History and Philosophy of Science Seminar: Pierre-Olivier Méthot
- Date: Wednesday 11 November 2020, 15:15 – 17:00
- Location: Off-campus
- Cost: Free
Dr Méthot, from Université Laval, will talk on the following topic: 'Beyond Foucault’s Grip: Making Sense of François Jacob’s The Logic of Life'.
The research seminar of the Centre for History and Philosophy of Science runs fortnightly during term time.
Please note, that this event will be held on Microsoft Teams. Contact firstname.lastname@example.org for link to join the event.
Beyond Foucault’s Grip: Making Sense of François Jacob’s The Logic of Life
Pierre-Olivier Méthot (Université Laval)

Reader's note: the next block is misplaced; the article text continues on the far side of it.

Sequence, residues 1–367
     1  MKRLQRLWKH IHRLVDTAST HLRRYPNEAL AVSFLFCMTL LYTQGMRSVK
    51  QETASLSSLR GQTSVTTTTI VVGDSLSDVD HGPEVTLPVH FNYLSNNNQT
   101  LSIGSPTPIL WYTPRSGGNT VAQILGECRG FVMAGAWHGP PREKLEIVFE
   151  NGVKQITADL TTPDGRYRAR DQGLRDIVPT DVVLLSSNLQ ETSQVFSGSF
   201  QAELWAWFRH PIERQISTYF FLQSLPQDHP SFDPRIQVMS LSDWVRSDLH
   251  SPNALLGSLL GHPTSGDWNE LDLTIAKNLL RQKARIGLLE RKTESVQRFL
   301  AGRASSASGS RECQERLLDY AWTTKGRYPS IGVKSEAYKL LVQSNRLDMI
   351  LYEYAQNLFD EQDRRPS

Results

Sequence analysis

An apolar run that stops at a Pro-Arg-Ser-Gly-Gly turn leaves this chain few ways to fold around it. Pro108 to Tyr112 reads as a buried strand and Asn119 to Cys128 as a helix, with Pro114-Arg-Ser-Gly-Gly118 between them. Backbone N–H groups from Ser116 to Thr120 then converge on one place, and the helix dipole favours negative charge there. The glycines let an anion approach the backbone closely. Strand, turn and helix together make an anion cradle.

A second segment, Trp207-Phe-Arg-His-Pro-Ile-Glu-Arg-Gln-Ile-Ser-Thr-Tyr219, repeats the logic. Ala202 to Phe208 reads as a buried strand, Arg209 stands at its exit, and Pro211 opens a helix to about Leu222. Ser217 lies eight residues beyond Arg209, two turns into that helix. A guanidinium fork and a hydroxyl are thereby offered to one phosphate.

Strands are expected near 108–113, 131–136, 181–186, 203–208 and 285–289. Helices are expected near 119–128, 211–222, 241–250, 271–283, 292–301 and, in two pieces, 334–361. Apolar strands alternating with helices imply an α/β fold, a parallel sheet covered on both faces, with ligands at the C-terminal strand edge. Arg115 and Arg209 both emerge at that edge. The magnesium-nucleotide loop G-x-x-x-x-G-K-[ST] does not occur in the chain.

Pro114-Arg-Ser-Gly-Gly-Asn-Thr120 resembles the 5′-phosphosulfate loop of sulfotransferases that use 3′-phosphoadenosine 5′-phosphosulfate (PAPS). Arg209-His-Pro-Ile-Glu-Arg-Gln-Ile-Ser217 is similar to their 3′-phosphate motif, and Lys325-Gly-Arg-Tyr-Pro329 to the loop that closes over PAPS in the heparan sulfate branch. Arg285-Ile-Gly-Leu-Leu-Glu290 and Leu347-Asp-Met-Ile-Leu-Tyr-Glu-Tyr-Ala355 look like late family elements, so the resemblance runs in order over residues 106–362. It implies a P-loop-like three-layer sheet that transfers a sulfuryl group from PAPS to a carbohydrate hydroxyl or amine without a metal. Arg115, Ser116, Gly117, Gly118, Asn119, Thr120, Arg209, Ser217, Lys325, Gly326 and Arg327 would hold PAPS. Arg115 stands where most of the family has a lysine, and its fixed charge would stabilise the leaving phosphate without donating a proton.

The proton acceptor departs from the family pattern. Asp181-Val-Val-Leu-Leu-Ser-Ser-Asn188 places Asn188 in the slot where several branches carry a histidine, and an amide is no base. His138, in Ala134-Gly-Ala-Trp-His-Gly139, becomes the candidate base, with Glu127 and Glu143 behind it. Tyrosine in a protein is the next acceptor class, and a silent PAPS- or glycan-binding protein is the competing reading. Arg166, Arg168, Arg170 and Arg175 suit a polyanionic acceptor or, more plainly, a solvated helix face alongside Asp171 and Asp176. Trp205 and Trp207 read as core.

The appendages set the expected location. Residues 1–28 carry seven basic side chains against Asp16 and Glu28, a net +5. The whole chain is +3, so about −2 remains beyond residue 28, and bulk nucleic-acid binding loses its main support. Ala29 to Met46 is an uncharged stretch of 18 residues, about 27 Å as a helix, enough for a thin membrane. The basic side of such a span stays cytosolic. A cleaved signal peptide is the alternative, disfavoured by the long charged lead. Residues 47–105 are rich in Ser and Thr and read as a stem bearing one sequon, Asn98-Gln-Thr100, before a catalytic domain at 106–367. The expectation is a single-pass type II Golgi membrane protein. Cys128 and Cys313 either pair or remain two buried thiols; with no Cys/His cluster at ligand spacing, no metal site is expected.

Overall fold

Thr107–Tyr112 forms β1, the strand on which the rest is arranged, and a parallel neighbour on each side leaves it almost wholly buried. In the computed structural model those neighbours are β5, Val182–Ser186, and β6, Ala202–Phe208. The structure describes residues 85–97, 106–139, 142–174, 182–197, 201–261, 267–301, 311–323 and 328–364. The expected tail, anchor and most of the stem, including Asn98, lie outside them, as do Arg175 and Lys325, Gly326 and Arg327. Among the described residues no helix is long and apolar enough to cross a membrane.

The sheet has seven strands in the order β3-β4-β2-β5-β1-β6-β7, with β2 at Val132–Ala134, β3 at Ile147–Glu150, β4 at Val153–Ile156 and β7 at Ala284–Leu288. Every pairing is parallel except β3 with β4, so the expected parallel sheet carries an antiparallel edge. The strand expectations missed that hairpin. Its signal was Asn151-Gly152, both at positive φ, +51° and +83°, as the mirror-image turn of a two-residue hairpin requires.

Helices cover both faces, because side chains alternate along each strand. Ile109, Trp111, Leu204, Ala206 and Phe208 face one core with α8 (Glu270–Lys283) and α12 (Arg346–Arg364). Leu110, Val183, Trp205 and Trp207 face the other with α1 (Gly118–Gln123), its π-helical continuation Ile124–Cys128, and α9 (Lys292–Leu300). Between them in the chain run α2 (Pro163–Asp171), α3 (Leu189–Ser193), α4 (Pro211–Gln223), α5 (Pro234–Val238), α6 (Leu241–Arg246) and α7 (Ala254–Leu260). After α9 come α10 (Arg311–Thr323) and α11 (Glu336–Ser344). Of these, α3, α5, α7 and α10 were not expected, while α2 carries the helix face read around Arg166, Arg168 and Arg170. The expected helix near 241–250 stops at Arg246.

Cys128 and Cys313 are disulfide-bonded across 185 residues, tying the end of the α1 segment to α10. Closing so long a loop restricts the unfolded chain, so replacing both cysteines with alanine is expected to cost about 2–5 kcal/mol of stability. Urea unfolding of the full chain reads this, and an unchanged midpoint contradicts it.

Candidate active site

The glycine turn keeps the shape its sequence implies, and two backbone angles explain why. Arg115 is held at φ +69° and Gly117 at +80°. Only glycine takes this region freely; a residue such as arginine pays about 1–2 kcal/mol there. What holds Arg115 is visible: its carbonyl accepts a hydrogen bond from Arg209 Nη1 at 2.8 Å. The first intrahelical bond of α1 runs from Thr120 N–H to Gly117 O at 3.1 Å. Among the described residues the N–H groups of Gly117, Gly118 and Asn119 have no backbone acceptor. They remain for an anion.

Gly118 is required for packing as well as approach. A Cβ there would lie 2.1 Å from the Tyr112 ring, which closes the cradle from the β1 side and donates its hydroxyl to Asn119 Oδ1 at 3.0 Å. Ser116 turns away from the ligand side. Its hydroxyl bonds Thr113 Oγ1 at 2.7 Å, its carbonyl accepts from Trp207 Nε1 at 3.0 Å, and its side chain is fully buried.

With a few notable exceptions, commentators have systematically observed striking similarities between French geneticist François Jacob’s The Logic of Life – A History of Heredity (1970) and Michel Foucault’s The Order of Things (1966) and The Archaeology of Knowledge (1969). There are grounds for thinking that Jacob was indeed influenced by the work of his colleague at the Collège de France: rejecting a linear view, Jacob proposed a discontinuous framework whereby each historical period is delineated by profound transformations in the nature of biological knowledge itself. He further attended to the “various stages of knowledge” he identified and how they enabled the study of new “objects” in biology, thanks not only to the development of instruments but to new ways of looking at the organism. Unsurprisingly, Foucault praised The Logic of Life as “the most remarkable history of biology ever written” and even used it as a confirmation of his own archaeological approach. This Foucauldian reading, although pervasive, is far too simple and is at best incomplete, however. But if Foucault isn’t the main intellectual source behind Jacob’s best-selling book, then who is? And why did Jacob – a Nobel Prize winner – suddenly turned into a historian of biology? In this talk, I advance a new narrative in order to make sense of The Logic of Life. Drawing on archival material from the Institut Pasteur in Paris, I will argue that the book is best characterized as a response to Jacques Monod’s biological vision of scientific growth. According to Monod, ideas in science follow a logic of mutation and selection, a view rejected by Jacob on the grounds that it takes evolutionary principles beyond their rightful domain. This crucial difference between Jacob and Monod, I will show, can shed new light on the opposition between “history of ideas” and “history of objects”. I will further argue that Jacob’s change in laboratory organism in the late 1960s was an important impetus in writing the book. Only in loosening Foucault’s grip and in situating The Logic of Life within its own cultural context can we hope to critically assess the promises and the limitations of Jacob’s historiographical legacy.